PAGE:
For example, seagrass can store 1,130 kilogrammes per rai per year, while seaweed is good for more than 2,000 kg per rai per year.

Thailand's more than 200 varieties of coral reefs can manage 1,800 kg of GHGs per year, with plankton storing about 1,500 kg.

By comparison, Prof Dr Sanit said land forests can generally capture 1,300 kg of GHGs per rai per year.

Thailand's mangrove area has declined from 2.3 million rai to 1.5 million in recent years, with more than 400 sq km eroded.

Most of this forest area stretches along the Gulf of Thailand, on which the country's coastline runs for 1,900 km compared with only 800 km for the Andaman coast.

"Ineffective and improper use of natural resources have resulted in continuous declines in mangrove forest area and aquatic animals," said Qwanruedee Chotichanathawewong, a TBCSD executive director and TEI vice-president.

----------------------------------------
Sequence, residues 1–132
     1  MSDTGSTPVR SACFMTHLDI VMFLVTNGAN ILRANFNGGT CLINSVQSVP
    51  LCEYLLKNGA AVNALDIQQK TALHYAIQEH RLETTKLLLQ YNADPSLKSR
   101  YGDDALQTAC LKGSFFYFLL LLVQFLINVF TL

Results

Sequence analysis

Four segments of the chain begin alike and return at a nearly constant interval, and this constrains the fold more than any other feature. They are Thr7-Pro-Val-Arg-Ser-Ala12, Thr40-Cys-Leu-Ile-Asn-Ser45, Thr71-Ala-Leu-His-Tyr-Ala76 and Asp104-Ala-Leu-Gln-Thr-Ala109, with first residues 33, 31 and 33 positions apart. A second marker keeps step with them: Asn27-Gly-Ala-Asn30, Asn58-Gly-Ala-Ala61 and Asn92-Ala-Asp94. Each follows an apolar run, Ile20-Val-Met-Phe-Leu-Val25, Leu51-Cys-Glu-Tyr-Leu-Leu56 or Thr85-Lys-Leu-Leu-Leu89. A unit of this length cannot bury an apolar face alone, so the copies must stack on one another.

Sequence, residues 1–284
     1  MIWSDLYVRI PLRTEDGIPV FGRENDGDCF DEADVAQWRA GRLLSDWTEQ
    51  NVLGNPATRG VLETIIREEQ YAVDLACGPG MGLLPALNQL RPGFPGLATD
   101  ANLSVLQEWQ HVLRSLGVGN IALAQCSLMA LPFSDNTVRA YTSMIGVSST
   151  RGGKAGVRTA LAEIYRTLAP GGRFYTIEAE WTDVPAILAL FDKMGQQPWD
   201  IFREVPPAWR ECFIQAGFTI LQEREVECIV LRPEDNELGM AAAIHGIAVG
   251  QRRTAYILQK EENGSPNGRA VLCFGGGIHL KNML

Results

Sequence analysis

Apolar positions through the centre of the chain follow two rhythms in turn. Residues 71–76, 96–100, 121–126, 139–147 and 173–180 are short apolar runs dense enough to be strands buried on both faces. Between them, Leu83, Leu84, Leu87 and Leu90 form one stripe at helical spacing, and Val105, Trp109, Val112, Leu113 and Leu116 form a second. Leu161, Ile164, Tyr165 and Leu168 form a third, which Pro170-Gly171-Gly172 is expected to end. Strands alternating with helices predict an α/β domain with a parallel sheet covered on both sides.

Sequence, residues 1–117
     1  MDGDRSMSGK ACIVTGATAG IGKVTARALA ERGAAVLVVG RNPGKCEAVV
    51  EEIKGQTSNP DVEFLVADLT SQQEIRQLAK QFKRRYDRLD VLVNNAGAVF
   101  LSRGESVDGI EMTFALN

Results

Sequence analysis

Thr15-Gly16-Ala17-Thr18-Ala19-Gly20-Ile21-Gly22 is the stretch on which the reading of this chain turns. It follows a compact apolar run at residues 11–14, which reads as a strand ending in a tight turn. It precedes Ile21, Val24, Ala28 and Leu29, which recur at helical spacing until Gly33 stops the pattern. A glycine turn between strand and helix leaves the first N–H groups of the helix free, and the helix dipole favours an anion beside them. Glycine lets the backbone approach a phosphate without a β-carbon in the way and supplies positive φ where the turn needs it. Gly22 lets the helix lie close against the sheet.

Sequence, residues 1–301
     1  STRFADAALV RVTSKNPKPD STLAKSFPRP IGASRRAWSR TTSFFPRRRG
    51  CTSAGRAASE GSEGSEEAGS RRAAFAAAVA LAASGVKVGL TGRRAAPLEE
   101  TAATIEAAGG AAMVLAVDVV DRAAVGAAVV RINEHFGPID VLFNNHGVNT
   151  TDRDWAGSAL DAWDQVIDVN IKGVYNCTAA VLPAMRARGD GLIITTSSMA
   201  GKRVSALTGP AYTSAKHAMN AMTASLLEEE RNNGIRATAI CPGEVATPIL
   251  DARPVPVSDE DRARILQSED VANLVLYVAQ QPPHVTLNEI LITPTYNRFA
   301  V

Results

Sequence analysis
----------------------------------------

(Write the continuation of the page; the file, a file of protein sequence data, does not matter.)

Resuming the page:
"The loss of mangrove forest means Thailand is losing lots of carbon storage area, thereby contributing to accelerated climate change."

For an agricultural country such as Thailand, climate change can mean lower crop yields due to higher temperatures, increased drought and reduced biodiversity.

The TEI says Thailand emits 359 million tonnes of GHGs annually, mostly from the energy sector.

Other partners in the project include the Electricity Generating Authority of Thailand and Siam City Cement Plc along with Islanda Eco Village Resort, the only participating resort on Koh Klang and which educates local people and tourists alike about the project.

Pimrapee Phanwichatikul, who opened Islanda almost three years ago, said the resort will eventually distribute mangrove seedlings to tourists so they can participate in planting the seedlings on the island.